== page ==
Mycoplasma genitalium Prevalence and Variability Based on Gender, Race and Sexual Preference in Patients Attending the Oakland County Health Department Disease Clinic

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Mycoplasma genitalium is an important emerging pathogen implicated in male urethritis as well as cervicitis and pelvic inflammatory disease in women. The epidemiology of M. genitalium resembles that of C. trachomatis and N. gonorrhea as all are found more frequently in younger, sexually active individuals and African Americans as compared with other races. There is currently no FDA cleared diagnostic test for M. genitalium, although a research-use-only TMA assay exists. The aim of our study was to determine the prevalence of M. genitalium in patients presenting to the Oakland County Health Department (OCHD) and determine any differences in prevalence based on sex, age and sexual preference.


We obtained a total of 5,021 urine specimens during single patient visits to the OCHD between August 1, 2016 and January 31, 2017. Of these, 2,323 were from female subjects and 2,698 were from male subjects. Urine samples were tested for M. genitalium (using a research-use-only TMA assay) as well as C. trachomatis, N. gonorrhea, and T. vaginalis (using FDA approved PCR assays). Each patient also had VDRL titers drawn for syphilis testing.


M. genitalium was the most frequent organism recovered in women with a prevalence of 11.11%, followed by C. trachomatis (7.40%), T. vaginalis (4.43%), N. gonorrhea (2.02%) and syphilis (0.65%). In men, M. genitalium was equally prevalent (12.31%) as C. trachomatis (10.67%), followed by N. gonorrhea(4.86%), T. vaginalis (3.48%) and syphilis (1.93%). All organisms, with the exception of syphilis, were more prevalent in African-American men as compared with Caucasian men. No difference in prevalence was seen in women irrespective of race and there was no difference based on sexual orientation.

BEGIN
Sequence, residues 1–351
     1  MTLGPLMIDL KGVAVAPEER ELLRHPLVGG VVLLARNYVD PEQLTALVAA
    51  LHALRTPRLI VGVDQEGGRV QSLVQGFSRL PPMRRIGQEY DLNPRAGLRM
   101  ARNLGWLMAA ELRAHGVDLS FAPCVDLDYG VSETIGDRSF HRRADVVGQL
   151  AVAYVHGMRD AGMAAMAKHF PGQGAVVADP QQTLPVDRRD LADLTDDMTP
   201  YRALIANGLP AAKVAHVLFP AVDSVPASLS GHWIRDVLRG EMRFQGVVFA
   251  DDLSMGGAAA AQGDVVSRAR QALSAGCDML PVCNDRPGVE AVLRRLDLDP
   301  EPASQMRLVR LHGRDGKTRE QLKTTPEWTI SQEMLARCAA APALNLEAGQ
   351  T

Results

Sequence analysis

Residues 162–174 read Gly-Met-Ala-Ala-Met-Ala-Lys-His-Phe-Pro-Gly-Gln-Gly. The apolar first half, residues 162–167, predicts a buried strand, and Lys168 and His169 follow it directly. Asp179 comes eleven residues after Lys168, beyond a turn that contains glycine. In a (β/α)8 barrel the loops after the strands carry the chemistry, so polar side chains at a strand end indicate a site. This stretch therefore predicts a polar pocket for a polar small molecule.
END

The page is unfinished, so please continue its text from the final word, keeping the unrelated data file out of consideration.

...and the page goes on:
Our analysis showed that Mycoplasma genitalium is highly prevalent in our study population. This is of particular public health concern as this organism can result in a significant disease burden if left untreated. Azithromycin is the first-line agent against M. genitalium but can result in treatment failure in 13-32% of cases according to recent studies. For this reason, we advocate for the need to test for M. genitalium routinely in symptomatic patients at risk for sexually transmitted diseases.


ID Week, San Diego, CA, October 4, 2017.

PubMed ID

Mycoplasma genitalium, gender, race, sex,